Monday, March 23, 2009

priest-politician: an anomaly in the hierarchy and a dilemma for the laity

Universal Church Law No. 273: “Clerics have a special obligation to show reverence and obedience to the Supreme Pontiff and to their own Ordinary.”

“Clerics” necessarily include Deacons, Priests and Bishops. “Obligation” is something personal or official that must be done or avoided by the agent concerned.
“Special” is something distinct, specific and categorical. “Ordinary” means that common, standard and concrete ecclesiastical superior of the Cleric. How then could a Priest be a subordinate both of his ecclesiastical superior and his political constituents or government bosses at the same time!?

Universal Church Law No.285, 3: “Clerics are forbidden to assume public office whenever it means the exercise of civil power.”

“Forbidden” means the expressed ban, pronounced prohibition or explicit restriction to be or do something. “Public office” has usual reference to properly secular agenda or strictly temporal task conferred by the people as a public trust. “Civil power” is identified with government secular authority or temporal rule. How thus could a Priest in, of and for the Church, and simultaneously exercise civil power in the State?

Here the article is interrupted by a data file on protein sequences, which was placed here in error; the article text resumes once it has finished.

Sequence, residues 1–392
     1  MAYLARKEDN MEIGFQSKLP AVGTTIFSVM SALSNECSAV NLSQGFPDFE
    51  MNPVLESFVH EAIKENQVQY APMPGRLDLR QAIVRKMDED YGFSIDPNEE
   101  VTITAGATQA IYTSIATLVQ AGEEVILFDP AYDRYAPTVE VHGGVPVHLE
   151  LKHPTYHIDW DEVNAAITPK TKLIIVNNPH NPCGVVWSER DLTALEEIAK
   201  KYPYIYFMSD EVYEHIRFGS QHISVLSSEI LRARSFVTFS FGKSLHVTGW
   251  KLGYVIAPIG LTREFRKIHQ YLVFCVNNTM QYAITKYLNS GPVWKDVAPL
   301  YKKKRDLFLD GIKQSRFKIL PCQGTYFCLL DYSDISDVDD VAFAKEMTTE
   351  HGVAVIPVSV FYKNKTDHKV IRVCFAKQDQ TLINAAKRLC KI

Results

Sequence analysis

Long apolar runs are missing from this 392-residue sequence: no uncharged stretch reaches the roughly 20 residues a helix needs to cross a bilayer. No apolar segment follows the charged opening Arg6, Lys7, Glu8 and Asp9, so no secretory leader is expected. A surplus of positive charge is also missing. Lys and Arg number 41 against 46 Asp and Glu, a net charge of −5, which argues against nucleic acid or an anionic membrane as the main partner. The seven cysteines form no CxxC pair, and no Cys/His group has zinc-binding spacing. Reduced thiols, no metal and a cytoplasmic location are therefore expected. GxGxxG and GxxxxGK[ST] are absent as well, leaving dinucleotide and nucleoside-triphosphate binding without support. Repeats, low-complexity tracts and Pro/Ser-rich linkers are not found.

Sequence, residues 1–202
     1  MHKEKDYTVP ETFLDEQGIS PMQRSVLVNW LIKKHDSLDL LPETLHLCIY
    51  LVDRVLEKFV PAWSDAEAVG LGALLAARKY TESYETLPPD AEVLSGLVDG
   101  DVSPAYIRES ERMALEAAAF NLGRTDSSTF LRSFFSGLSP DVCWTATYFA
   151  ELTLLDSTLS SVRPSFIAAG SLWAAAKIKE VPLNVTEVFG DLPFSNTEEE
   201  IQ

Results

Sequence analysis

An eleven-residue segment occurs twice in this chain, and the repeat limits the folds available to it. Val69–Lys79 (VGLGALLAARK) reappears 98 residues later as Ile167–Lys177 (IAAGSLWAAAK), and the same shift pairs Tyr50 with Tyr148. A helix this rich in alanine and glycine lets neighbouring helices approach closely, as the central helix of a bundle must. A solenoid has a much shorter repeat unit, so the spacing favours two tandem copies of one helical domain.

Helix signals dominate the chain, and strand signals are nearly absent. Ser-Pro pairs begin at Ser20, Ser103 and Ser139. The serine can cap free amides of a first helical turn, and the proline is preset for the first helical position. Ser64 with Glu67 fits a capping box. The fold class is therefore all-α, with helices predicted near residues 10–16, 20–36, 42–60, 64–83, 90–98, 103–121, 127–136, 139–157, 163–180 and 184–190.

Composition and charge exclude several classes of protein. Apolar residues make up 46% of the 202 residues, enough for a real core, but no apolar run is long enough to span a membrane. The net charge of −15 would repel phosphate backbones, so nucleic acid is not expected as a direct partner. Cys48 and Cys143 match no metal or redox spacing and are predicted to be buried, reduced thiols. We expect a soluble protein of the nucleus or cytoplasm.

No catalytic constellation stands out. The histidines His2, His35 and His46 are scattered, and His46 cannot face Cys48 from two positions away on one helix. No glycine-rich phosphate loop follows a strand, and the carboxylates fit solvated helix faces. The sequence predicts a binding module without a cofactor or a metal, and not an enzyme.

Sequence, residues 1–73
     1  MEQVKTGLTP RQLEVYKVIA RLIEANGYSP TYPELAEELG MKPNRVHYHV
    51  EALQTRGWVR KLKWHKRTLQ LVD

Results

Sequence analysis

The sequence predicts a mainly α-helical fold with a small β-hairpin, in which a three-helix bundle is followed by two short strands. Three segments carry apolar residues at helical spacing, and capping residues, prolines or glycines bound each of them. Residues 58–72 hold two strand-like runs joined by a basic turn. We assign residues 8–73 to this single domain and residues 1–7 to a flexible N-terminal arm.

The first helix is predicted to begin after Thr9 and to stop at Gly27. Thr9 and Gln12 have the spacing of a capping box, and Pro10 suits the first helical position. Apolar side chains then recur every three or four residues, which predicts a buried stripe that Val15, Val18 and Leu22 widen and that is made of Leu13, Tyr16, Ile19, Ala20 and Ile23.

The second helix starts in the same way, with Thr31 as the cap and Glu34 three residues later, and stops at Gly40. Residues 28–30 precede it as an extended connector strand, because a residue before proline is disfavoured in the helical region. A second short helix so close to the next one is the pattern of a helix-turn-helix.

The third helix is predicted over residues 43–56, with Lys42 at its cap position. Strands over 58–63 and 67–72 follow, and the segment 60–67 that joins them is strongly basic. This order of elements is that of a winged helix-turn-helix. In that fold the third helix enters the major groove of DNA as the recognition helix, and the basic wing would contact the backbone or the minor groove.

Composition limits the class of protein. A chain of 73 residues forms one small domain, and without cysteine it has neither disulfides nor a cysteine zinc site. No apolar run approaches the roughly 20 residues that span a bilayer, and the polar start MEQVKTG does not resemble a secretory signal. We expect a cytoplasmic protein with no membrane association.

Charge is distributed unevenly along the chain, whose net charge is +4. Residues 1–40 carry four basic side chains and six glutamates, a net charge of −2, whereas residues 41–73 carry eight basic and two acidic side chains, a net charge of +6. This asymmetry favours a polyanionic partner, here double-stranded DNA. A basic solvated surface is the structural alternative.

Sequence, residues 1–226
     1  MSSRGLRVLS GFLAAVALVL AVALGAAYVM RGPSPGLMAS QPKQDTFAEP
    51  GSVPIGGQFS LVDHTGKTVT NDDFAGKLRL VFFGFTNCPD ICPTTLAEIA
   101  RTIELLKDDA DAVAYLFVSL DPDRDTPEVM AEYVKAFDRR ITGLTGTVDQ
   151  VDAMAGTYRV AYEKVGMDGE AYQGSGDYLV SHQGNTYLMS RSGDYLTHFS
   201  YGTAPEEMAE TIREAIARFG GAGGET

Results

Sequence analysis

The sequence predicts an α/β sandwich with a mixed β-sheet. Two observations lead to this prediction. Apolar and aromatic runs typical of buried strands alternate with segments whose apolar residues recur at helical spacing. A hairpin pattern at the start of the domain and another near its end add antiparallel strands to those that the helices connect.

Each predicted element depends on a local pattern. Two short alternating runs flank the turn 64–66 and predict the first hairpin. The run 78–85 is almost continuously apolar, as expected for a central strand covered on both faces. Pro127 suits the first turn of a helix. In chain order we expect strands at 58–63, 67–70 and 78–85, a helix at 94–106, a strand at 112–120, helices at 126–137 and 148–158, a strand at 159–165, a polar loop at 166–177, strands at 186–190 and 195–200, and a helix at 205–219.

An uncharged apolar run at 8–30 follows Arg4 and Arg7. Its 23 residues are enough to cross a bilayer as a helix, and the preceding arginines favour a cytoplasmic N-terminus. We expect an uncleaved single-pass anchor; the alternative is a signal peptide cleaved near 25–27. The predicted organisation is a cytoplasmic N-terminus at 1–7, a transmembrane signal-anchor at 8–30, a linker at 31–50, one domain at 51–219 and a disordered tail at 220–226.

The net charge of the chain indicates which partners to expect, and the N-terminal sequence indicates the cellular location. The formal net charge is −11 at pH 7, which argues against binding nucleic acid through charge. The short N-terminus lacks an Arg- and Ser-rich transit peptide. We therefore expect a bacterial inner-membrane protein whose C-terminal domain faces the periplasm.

Universal Church Law No. 287, 2 “Clerics should not play an active role in politics...”

“Politics” is ordinarily identified with the art of secular governance, the administration of public affairs, the running of temporal concerns in favor of public welfare. How therefore could a Priest be a politician at the same time after no less than two separate official and categorical Church prohibitions to be such!?

By the way, When a Priest alleges he is “on leave”—this is a duplicity as there is no such thing in the Church—the insinuation of such a phrase is that the priest will be anybody or anything as he pleases, until such time when he finds it convenient, helpful or secure to minister as a priest again. A priest-politician is an ambivalence, a dichotomy, a schizophrenia.

Here is an unsolicited advice: When a Priest wants to be somebody or something else other than an honest to goodness Priest, let him secure his dispensation from all his ordained clerical obligations, definitively and permanently. Then, he is free to be and to do whatever he pleases. But to be a hyphenated Priest-Politician is a big anomaly in the Church and a dilemma – if not a scandal – for many lay people.

March 23, 2009